To me a porch should be at least five feet deep and elevated off the ground at least a foot or two. It should run the width of the house or at least part of the house. And it should have a railing or pillars, something to keep you from falling over the edge. In order to be the best kind of porch it needs a good roof and lighting. The kind of porch you can sit on in a rain storm and feel the dampness but you don't actually get wet.
Just a brief tangent, I actually started writing this three weeks ago. I got caught up in doing stuff instead of writing about it. Apologies.
And now...On with the post!
The dollhouse has a front porch that's way better than my own porch (the one on the real house). It's not as deep as I'd like but it does run the width of the house and it's elevated about one and a half feet in dollhouse scale. (One and a half inches or thereabouts.)
I didn't want to just paint it, because I really want it to look solid. Like it's going to be around for a long time, through various incarnations of porch furniture. So I played with the idea of stucco but I kinda picture this bungalow as being up on Lake Michigan's beaches in Wisconsin or Michigan. And I don't see a lot of stucco up there.
So I thought stone. And you may have been able to tell from the pictures of the foundation, I used stone there too. I like the basalt brickwork better for the bungalow. Lighter and had a beachy feel to it. At least to me.
|The actual paper is darker but I messed with it.|
This is actually much darker once I've glued it onto the wood. and as much as I loved the brickwork, it didn't remind me a of beach house when it was on. So I played with it.
Hello...Whitewash! Which is basically me taking white paint and watering it down a bit until it makes everything a few shades paler than it started out.
But I put all the brickwork (AKA paper) over all the wood I wanted to cover. And then I glued on the railings. You can see here my acrobatic attempts to let the glue set without moving the railings.
|Trust me, this is not how they will end up.|
Hot glue however, works just fine. See here.
|I used a couple of spacers to keep the railing level.|
|Or course I whitewashed it so it matched the rest of the brickwork.|
|Okay so its not quite glued yet. We were experiencing technical difficulties.|
|See you need the posts attached before you can glue the step in.|
|Even the tread is attached.|
|See? I'm just a little OCD. Functional but... Yeah. I'll stop there.|
|Elmers seems to work. Elmers and a lot of crossed fingers. And shooing away curious cats. Siamese and Kitten who shall remain nameless.|
|So far so good. Right?|
Once the top half of the posts were on I attached the support cross beam. This is what is going to hold the roof up. It's supposed to be straight across. I really hope mine is straight. It's level and I didn't see any angles in there but you never know.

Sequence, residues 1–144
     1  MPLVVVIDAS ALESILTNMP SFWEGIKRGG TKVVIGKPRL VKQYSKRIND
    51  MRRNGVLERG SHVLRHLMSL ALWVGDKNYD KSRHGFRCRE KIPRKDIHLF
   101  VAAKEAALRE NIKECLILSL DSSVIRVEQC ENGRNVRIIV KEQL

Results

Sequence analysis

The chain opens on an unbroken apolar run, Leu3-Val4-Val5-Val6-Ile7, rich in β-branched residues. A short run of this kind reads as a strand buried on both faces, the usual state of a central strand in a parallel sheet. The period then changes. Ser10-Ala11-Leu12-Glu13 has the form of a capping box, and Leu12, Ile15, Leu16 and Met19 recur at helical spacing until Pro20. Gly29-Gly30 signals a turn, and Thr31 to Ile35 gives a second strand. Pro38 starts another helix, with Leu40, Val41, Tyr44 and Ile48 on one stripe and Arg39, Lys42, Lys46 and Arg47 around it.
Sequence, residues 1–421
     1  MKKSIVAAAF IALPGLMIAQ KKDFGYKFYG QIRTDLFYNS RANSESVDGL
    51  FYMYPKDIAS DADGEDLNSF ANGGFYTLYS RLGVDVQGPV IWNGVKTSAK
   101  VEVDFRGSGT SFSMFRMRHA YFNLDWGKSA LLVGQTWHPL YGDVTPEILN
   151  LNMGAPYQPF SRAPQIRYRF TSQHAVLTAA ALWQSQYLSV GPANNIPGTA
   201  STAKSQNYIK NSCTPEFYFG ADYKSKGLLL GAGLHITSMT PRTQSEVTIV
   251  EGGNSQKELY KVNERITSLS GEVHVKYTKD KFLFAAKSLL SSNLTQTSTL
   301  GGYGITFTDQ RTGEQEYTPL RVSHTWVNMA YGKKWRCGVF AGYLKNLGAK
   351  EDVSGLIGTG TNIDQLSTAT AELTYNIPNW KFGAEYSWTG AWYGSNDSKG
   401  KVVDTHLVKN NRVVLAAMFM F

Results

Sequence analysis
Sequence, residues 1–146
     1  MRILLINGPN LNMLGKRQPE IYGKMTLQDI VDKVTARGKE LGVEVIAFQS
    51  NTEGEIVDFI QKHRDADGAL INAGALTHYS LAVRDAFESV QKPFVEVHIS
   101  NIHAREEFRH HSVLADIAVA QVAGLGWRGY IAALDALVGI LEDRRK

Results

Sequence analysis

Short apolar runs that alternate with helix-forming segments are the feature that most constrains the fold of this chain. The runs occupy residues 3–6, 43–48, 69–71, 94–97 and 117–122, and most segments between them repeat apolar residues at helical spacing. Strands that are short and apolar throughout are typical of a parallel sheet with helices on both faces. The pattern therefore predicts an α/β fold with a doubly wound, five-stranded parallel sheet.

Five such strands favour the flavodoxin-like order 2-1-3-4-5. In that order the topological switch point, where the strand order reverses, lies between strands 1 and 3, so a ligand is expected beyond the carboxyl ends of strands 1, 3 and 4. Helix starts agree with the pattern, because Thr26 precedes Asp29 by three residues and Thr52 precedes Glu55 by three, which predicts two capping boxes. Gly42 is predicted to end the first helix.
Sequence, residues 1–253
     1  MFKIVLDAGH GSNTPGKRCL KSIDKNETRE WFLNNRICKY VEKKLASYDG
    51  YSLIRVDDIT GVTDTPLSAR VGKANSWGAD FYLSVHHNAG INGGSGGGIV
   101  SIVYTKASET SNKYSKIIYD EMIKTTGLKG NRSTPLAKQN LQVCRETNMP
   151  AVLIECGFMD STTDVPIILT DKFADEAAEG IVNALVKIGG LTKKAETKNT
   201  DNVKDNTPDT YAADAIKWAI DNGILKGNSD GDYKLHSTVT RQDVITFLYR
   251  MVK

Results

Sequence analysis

|How about that? Looks like it could be a porch someday!|
The front door.
It's actually kinda cool. It comes with a plastic insert for a window, and it slots right in so if you're careful you wouldn't even need glue.
And I debated long and hard as to what color I would use. White? With white trim it would look boring. Red? That would add pizzazz but its a very loud color and I want a quiet house. Oak? To match the inside? Could work but nothing else outside is oak.
Uereka! Blue! (oh how original. I can hear you saying it. 'Sheila everything you have is blue'. Quite a switch for a girl who was in love with pink for her entire childhood.)
But, blue...specifically the bright blue of the trim on the Gothic Victorian, would be a nice pop without being too loud. So, here we go with the door.
I stained the inside a nice Summer Oak, just like the rest of my trim. Here it is with the first coat. I added a second one but we're mostly interested in the outside at the moment.
|See? The color pops but it's not overwhelming.|
And here's a test run. I think it works pretty well.
|See? Just right with the pale blue walls, white trim and the slightly darker brick.|
Look at the picture first and see if you can tell what I did.
|Do you see it? At all? Or am I just loony toons?|
I hope someone figured it out because if no one did? Well I put in a lot of effort for only me to notice.
I pretty much dabbed and sponged and added paint only to wipe a way a path from the steps to the door. As if a bunch of dolls had trucked in and out.
I need a door mat.
But... skipping a few steps... you know, like adding the roof, which is another post entirely.
I began to work on the porch ceiling. Two words.
Or the Hobby Lobby equivalent thereof.
I cut off the curves and glued them down. and then taped the ends so they wouldn't pop up.
|This requires a bit of reworking because the tape wire got messed up. I'm going to end up with something different for the lights.|
|See? One row so far. Not too bad.|
And then the entire porch roof is covered and taped down. Pretty right? Okay so maybe not so much.
|Yes, notice my very high tech manner of securing my boards down.|
But, once it dried and the tape was off? Then it was on like Donkey Kong.
The paint I mean.
See? Now it's pretty!
|Here we are with the paint and the lights.|
I'll put in beams and then paint a bit more. But then I'll be pretty much done with the porch.
Now if only I was five and a half inches tall...I'd finally have the porch I wanted. Of course I'd probably be a cat toy too. Not something I want to try. Thanks.
And I'm going to start working on the next post so you'll be able to see what I've been doing when I haven't been writing. I've been busy.